As Cubs Phenoms Grab Eyes, Anthony Rizzo Has Become Top-10 MLB Hitter

Zachary D. Rymer@zachrymerMLB Lead WriterMay 15, 2015

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For a team that hasn't won a World Series in over 100 years and came into 2015 off a string of five straight losing seasons, it's remarkable just how much hype the Chicago Cubs are generating.

Quite a lot of that is due to the emergence of top prospects Kris Bryant, Jorge Soler and Addison Russell. But while that's perfectly OK—seriously, they're awesomethey're overshadowing another young talent whose efforts should actually be pushing the Cubs hype meter even higher.

His name is Anthony Rizzo, and you must know of his stupendousness. 

If you haven't been keeping up with current affairs, the 25-year-old first baseman has been on a tear. He went into Thursday's action hitting .348 with five home runs and a 1.238 OPS over his last 12 games. And overall, his numbers for 2015 looked like this:

Anthony Rizzo's 2015 Season

Every single one of those numbers looks good, but there's one in particular that really highlights just how dominant Rizzo has been. 

That would be OPS+, a version of OPS that's adjusted for parks and leagues and put on a scale where 100 is average. Rizzo thus entered Thursday 89 ticks better than average, putting him at No. 6 among the league's top qualified hitters.

And the hell of it is, merely noting where Rizzo stands in 2015 is actually underselling how good he is at hitting baseballs.

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Rizzo also had a brilliant season in 2014, of course, hitting .286 with a .913 OPS and a 153 OPS+. Add that to his 2015 OPS+, and here's where you'll find him on the 2014-15 OPS+ leaderboard:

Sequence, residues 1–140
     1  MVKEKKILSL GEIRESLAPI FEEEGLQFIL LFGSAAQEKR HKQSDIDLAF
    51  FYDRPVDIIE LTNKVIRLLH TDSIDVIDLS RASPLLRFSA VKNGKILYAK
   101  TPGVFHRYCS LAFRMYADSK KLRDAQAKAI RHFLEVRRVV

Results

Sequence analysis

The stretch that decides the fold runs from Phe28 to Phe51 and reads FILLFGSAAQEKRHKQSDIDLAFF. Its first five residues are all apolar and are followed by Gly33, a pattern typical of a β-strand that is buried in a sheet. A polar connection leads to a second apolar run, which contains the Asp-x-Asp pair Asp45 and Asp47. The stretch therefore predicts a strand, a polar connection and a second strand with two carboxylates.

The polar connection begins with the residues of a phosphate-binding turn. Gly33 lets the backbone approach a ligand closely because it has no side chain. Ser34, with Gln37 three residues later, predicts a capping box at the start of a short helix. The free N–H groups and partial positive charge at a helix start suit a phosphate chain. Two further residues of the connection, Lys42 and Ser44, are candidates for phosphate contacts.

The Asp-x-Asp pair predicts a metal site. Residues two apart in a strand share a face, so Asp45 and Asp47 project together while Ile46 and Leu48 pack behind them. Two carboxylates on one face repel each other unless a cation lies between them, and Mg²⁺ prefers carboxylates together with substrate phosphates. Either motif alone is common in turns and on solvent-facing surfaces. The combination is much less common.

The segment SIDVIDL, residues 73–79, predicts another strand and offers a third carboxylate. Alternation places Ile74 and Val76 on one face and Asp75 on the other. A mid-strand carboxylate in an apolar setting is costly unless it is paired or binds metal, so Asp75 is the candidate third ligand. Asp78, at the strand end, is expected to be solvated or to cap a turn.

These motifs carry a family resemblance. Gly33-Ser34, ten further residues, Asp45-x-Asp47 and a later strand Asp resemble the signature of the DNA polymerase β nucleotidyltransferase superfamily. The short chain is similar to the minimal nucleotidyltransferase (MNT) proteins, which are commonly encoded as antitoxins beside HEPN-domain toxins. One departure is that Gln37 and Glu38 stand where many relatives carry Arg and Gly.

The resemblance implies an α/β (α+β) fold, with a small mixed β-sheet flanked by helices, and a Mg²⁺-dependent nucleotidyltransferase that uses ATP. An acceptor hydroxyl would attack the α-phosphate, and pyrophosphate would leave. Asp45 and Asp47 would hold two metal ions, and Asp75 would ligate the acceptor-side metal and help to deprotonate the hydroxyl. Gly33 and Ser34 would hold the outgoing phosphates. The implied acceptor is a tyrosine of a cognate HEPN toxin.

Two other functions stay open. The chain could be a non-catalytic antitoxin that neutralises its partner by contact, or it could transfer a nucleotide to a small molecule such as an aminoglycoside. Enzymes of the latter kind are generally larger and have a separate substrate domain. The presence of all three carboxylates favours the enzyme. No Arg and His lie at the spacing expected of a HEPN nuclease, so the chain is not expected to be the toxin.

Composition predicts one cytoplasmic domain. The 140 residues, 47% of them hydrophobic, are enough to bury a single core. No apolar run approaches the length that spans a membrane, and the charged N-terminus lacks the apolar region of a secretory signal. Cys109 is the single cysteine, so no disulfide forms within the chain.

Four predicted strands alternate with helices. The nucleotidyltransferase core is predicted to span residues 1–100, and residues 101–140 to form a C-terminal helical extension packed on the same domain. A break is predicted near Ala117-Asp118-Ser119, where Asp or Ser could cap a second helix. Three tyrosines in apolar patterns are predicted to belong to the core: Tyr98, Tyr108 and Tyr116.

1. Mike Trout: 168
  2. Paul Goldschmidt: 167
  3. Jose Abreu: 164
  4. Anthony Rizzo: 158

So, never mind the top 10. Rizzo might actually be one of the five best hitters in Major League Baseball.

Knowing where Rizzo was less than two years ago, this is quite the turnaround.

He ended 2013 with just a .233 average, .742 OPS and 103 OPS+, which qualified him as a barely above-average hitter. Since that was his first full major league season, it was reasonable to worry that maybe he wasn't going to live up to his billing as an elite hitting prospect.

But while that may make it sound like he's become an elite hitter on his talent alone, that's not the case. Rizzo's there mainly because he's proven himself to be a master of one important thing: adjustments.

DAVID BANKS/Associated Press

There may be no bigger buzzword in baseball than "adjustments," as they're often (and rightfully) characterized as the one thing that can solve any problem.

And yet, not every player makes them. As Cubs general manager Jed Hoyer put it to ESPN.com's Jerry Crasnick, many players display a "false bravado" that renders them too stubborn to change.

But Rizzo? Nope. As Jason McLeod, Chicago's senior vice president of player development, told Crasnick:

Anthony's attitude is, 'I have to get better at this, and what am I going to do to make myself better?' And he's not afraid to go out there and do it through real-life experience. ... He's wired right and the makeup is right that he's going to get the most out of his ability.

Read a quote like that, and you'll get the urge to go treasure-hunting for specific adjustments. The beauty of Rizzo's game, though, is just how many treasure chests the hunt turns up.

The most recent adjustment Rizzo has made involves his approach. You can tell just by looking at how he's drawn three more walks (20) than strikeouts (17) that he must be putting together better at-bats, and the below-the-surface numbers bear that out.

Courtesy of FanGraphs, here's a look the progression of Rizzo's swing (Swing%), chase (O-Swing%) and whiff (SwStr%) rates since 2011:

Anthony Rizzo's Approach

Rizzo wasn't a wild swinger before 2015, as his figures in these particular categories were right around the league average. All the same, you wouldn't have mistaken him for Joey Votto.

But now, you actually can mistake him for Votto. Rizzo's approach is now advanced enough to basically work as a model approach. If Conan the Barbarian was a baseball player, he'd say that disciplined hitters who make a lot of contact are what is best in life. That's what Rizzo has become.

Granted, this is largely a result of how Rizzo is being pitched. He's seeing only 37.3 percent of pitches in the strike zone, tying him with Matt Holliday for the lowest rate in baseball. That tells you just how much pitchers have come to fear Rizzo.